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Our Dogs

Meet service dog team Amy Ewing and Rebel
We met Amy while she was at the Shepherd Center receiving treatment for a spinal cord injury caused by a diving accident. For Rebel, it was love at first sight, and they graduated as a team in 2006. They both live in N.Y., and Rebel helps Amy navigate her college campus.


Meet service dog team Charlie Brown and Brandon Young
Charlie Brown was the very first certified service dog placed by GCI. He began visiting Brandon in 2003 when Charlie was 7-weeks-old and Brandon was nine-years-old. The entire family worked hard to help raise and train Charlie Brown to make life more fulfilling for Brandon, who has cerebral palsy and a seizure disorder. They graduated as a service dog team in 2005, and the entire family has dedicated themselves to giving back to our community through performing disability awareness presentations with Charlie and raising money to provide animal therapy and service dogs to other families in need.


 

Please meet service dog team Glen & Ranger Lopez
Atlanta resident Glen Lopez was matched with service dog Ranger in 2005. Glen was injured at the age of 19 while at the University of Colorado while performing gymnastics on a trampoline. Glen learned about Ranger from a therapist at the Shepherd Center.

Hi my name is Glen and I would like to share a story with you that illustrates just how important a service dog can be to someone with a spinal cord injury. I’m a c5 quadriplegic, and I use an electric wheelchair to get around. 99 percent of the time my chair works great, but every now and then it will have an electronic glitch and leave me stranded. This happened about 6 weeks after I got my service dog “Ranger”. My wheelchair broke down in my kitchen and I didn’t have my phone to call for help. GCI had worked out a system with Ranger for such circumstances. I gave Ranger the “go get the phone!” command and he did just that. Ranger went and retrieved the phone for me and I was able to call for assistance. In the 2 years I have had Ranger, he has saved me from hours of being stranded alone on several occasions. Most of the time Ranger is my companion providing me with lots of unconditional doggy love, but I know he is always on call to help me get out of a jam. I have more peace of mind and more independence since Ranger has come into my life. Thanks GCI!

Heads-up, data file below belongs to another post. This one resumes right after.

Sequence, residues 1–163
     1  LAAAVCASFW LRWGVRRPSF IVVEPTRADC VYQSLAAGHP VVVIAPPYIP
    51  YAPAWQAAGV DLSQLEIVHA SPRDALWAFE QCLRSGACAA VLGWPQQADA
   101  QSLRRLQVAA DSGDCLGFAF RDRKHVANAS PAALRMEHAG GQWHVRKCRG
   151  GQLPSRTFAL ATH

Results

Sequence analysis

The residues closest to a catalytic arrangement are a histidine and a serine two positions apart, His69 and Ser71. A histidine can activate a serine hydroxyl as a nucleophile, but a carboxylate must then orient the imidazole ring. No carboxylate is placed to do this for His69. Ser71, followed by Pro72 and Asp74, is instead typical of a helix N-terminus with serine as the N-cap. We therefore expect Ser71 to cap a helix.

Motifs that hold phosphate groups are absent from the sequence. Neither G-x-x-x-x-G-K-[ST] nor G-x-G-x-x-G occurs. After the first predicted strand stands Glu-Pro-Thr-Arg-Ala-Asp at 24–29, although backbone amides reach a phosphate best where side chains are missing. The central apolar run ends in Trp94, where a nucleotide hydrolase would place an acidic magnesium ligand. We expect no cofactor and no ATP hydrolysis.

Please meet service dog team Jaque & Eddie Hall
17-year-old Jaque Hall from Oklahoma was referred to GCI by one of her therapists at the Shepherd Center, where she received treatment after a horrible automobile accident, which resulted in paraplegia. She received service dog Eddie in 2008.


Jaque: " I am the big high school senior this year. Thanks to Tim and Ramona and a ton of volunteers from GCI, we received Eddie while we were in Atlanta. His favorite spot is curled up around the foot pedals of my wheelchair. Having Eddie in my life is not just to help the burden of dropping and picking up. He does not just nudge the handicap buttons at stores. He is a mental pick me up every morning, and a comfort every night."

Please meet service dog team Kelley & Bettie Goddu
Kelley met GCI team Amy & Rebel Ewing while staying at the Shepherd Center in Atlanta and applied for a service dog of her own shortly thereafter. Kelley was a competitive swimmer and lifeguard until a diving accident resulted in quadriplegia.
She received service dog Bettie in 2008.